The findings, researchers say, could be especially important for people who need to recharge while working long shifts, like health care workers. Fortunately, we know that shorter naps can help those with standard 9-to-5 jobs work smarter, too.

8. Eating less at night can help you deal with sleep deprivation.

Whether your obstacle to sleep is a new baby, a tight project deadline, or a pet that wants to play all night, there will be nights when eight hours of quality sleep just isn’t achievable. In those cases, limiting the nighttime snacks can help minimize the unpleasant consequences.

Recent University of Pennsylvania research found that eating lighter at night helps stave off the lack of alertness and difficulty concentrating that tends to accompany a night of fragmented sleep.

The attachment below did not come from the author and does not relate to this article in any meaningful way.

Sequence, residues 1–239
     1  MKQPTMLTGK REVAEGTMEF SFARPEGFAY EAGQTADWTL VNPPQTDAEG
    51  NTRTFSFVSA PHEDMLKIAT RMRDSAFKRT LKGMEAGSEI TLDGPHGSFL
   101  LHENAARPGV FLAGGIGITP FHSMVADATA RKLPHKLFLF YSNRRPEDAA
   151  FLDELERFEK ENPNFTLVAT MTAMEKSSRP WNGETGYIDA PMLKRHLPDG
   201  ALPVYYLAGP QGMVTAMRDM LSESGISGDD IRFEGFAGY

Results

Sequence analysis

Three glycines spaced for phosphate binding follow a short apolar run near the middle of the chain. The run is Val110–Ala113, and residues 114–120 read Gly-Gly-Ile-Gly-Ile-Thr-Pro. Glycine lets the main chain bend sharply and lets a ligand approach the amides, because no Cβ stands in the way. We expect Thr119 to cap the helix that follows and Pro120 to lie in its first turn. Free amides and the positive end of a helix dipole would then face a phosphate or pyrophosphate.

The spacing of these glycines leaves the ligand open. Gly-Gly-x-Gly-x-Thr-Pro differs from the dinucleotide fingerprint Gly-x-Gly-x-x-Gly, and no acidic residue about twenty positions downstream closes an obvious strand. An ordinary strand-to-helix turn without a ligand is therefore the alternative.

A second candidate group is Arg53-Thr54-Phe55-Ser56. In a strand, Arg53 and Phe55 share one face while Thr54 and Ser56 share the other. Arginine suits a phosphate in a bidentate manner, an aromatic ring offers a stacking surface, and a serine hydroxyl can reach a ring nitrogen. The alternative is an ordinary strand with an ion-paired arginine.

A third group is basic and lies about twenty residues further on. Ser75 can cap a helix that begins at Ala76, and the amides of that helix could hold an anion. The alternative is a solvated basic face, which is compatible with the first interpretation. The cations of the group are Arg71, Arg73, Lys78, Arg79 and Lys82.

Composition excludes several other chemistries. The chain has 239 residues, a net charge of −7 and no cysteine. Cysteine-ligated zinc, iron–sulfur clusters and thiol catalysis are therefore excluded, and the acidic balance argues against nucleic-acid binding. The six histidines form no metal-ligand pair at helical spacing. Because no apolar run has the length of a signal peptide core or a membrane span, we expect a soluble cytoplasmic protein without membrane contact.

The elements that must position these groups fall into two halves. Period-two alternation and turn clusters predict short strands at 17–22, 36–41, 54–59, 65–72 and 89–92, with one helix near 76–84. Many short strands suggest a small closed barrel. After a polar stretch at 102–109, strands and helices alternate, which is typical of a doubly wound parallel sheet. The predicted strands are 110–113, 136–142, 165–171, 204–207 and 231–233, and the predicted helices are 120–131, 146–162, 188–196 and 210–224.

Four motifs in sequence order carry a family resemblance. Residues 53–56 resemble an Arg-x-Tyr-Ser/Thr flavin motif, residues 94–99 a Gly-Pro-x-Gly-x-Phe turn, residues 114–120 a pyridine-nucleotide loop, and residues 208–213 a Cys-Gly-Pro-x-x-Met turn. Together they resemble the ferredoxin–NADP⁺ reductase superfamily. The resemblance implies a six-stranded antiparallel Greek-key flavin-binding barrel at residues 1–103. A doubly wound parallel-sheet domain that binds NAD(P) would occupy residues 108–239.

Researchers still aren’t sure how eating less minimizes the effects of fragmented sleep. But if you know you won’t be getting much sleep, consider eating lighter fare like soup or salad for dinner.

Arrow Created with Sketch. Article continues below

9. Experiencing insomnia? You should address it ASAP.

Taking steps to address insomnia as soon as it starts is more effective than waiting until it turns into a chronic problem, says a recent study published in the journal Sleep. The fix is actually easier than you would expect.

When adults who had been suffering from insomnia for less than three months underwent an hour of cognitive behavioral therapy, 60 percent reported improvements within one month, and 73 percent reported improvements within three months.

10. Sleeping too much is really unhealthy.